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45 Cards in this Set

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Bill of Rights

An act of parliament passed in 1960 that outlined the basic civil liberties of Canadians but whose defects caused judicial confusion and limited the Bill's effectiveness

Notwithstanding Clause

Section 33 of the Charter which allows federal or provincial governments to pass laws that violate certain sections of the Charter

Reasonable limits clause

Section 1 of the Charter which allows the courts to find that even though a law violates a Charter right, it is a reasonable limit on such and is therefore allowed to stand.

Parliamentary Standing Committees

25 standing committees are the most important parliamentary committees. Usually chaired by government MP's, 7-11 members, party representation being proportionate to that of the H.O.C. They include specialist committees, corresponding roughly in concern to government departments, and other committees dealing with matters such as public accounts, miscellaneous estimates and private bills, procedures and organization, privileges and elections. In Parliament there are also joint standing committees of the House and SENATE. Ministers are not usually standing-committee members, nor, since 1985, are parliamentary secretaries

References Cases

Cases referred to the courts by provincial or federal cabinets in order to obtain a ruling on their constitutionality


The upper house of Canada's Parliament. It's 105 members are appointed and hold their seats until age 75. Purpose is to consider and revise legislation, investigate national issues, and most crucially according to the constitution - give the regions of Canada and equal voice in Parliament.

Party Discipline

The convention that all MP's within any party vote together on every occasion, as pre-determined in the party caucus meeting, ordered by the PM in the case of the government party and enforced by the party whip.

Parliamentary Reform

Current cycle responds to long-standing pressures of change, some of which have been heightened by recent events. (1968-2007)

1982 - Strengthened policy role for the standing committees

Private Member's Bill

A public bill introduced in the H.O.C or Senate by a member who is not in the cabinet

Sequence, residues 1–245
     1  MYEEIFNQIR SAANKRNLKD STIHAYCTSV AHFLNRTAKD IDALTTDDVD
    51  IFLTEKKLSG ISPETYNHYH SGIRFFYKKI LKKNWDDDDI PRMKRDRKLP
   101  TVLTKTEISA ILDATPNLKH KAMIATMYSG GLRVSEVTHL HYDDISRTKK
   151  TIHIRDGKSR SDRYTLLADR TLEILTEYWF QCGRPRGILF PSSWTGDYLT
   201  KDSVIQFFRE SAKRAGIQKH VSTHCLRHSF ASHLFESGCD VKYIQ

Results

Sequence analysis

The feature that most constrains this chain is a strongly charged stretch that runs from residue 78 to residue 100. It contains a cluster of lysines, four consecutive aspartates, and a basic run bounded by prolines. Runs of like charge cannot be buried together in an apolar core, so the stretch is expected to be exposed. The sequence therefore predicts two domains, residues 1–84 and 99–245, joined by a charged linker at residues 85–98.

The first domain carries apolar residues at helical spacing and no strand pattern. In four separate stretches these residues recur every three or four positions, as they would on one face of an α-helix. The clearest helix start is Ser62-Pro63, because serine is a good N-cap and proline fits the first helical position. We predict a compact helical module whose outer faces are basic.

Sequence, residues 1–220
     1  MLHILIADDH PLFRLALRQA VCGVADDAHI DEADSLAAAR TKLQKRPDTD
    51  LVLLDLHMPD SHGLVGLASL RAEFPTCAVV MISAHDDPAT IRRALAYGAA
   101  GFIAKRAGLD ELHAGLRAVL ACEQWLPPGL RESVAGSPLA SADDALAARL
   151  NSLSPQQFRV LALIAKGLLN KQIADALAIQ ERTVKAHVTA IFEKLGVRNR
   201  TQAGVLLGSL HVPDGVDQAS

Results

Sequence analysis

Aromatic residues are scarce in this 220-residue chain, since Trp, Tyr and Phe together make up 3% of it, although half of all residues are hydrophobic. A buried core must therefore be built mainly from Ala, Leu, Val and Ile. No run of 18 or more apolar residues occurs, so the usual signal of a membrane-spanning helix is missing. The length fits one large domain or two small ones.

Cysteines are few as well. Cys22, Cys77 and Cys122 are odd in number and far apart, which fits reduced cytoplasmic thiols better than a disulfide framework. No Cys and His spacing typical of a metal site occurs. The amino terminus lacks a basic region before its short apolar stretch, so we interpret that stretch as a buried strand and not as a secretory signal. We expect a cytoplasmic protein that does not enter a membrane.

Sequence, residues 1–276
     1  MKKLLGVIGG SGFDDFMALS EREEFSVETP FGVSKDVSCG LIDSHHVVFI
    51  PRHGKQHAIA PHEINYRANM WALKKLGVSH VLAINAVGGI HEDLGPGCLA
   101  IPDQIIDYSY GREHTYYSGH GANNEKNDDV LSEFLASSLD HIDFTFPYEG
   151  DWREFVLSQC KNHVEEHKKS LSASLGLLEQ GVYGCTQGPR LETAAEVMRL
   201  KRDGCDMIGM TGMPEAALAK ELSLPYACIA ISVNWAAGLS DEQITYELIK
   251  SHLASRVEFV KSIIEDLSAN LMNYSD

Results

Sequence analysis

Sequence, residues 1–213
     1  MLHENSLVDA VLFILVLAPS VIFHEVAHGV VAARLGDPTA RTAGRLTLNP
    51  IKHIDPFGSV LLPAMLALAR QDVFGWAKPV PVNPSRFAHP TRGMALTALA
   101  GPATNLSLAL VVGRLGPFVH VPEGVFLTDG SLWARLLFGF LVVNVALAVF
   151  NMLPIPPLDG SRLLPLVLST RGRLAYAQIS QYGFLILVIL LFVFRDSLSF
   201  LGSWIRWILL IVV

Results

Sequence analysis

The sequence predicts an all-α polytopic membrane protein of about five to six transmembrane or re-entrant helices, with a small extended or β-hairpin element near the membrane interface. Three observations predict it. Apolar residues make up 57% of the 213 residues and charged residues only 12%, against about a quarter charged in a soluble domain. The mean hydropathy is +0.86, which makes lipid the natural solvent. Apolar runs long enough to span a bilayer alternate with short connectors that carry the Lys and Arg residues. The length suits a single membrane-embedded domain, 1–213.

Free Vote

A vote in the H.O.C (or Senate) in which members are not required to abide by the party line.


Is a method of selecting party leaders by direct vote of the members of a political party

Conservative Party

This party was the founding political party of Canada, governing for the first 29 years after confederation. Since, they have had periods in power and long periods in opposition. Party has been most successful when it was able to assemble National Coalition of anglophone conservatives from the West and Ontario, and Nationalists from Quebec

Progressive Conservative Party (PC)

Encouraged by Meighn, Manitoba Premier John Bracken, a progressive party member with no experience, sought and won 1942 conservative leadership. Organizations name was changed and it attempted to shift left, however, CCF and Liberals were also shifting left.

Liberal Party

This party has dominated federal politics for much of Canada's history, using the formula for success of straddling the political centre. Developed under the leadership of Sir. Wilfred Laurier - they have formed numerous governments and provided Canada with 10 PM's - but the party has also experienced defeat and internal divisions. Recently, Oct, 2015 - party rose from 3rd to 1st place in H.O.C winning majority government under leader Justin Trudeau.

Reform Party

This party platform included traditional prairie populist reform panaceas such as free trade and direct democracy (referendums, initiatives, and recall) and some contemporary proposals such as Triple-E Senate (equal, elected and effective)

Canadian Alliance Party

This party was created from the remaining of the former reform party of Canada at a convention in Ottawa in January 2000 in an attempt to merge conservative opposition to the Liberal party

Red Torries

Language of " " became popular in the mid 60's when Grant Horowitz suggest that George Craft was Red Tory. Publication and immediate success of Grant's work: Lament for a nation - the defeat of Canadian Nationalism - 1965. made it abundantly clear that there were historical forms of conservatism in Canada that could not be equated with US republicanism. "____ touch" in traditional Canadian politics is towards commonwealth and socialism.

Welfare Liberalism

A multi-billion dollar system of government programs - many introduced in 1960's that transfer money and services to Canadians to deal with an array of needs including: Poverty, homelessness, unemployment, immigration, aging, illness, workplace injury, disability, needs of children, women, gay, lesbian and transgendered people.
Major programs include Social Assistance, Canada Child-Tax benefit, Old Age security and guaranteed income supplement, Employment Insurance, Canada and Quebec Pension plan, worker's compensation, public education, medicare, social housing and social services. Programs funded and delivered by federal, provincial and municipal governments.

Judicialization of politics

Ever-accelerating reliance on courts and judicial means for addressing core moral predicaments - encompass matters that include electoral outcomes as well as collective identity issues - all of which have been framed as constitutional issues

Judicial independence

The constitutional principle that the courts should function independently of the rest of the government apparatus (politicians and bureaucrats) with implications for security of tenure and remuneration.

Canadian Judicial Council

An agency composed of the federal and provincial chief justices that disciplines federally appointed judges and otherwise provides leadership and coordination among federal and provincial judicial systems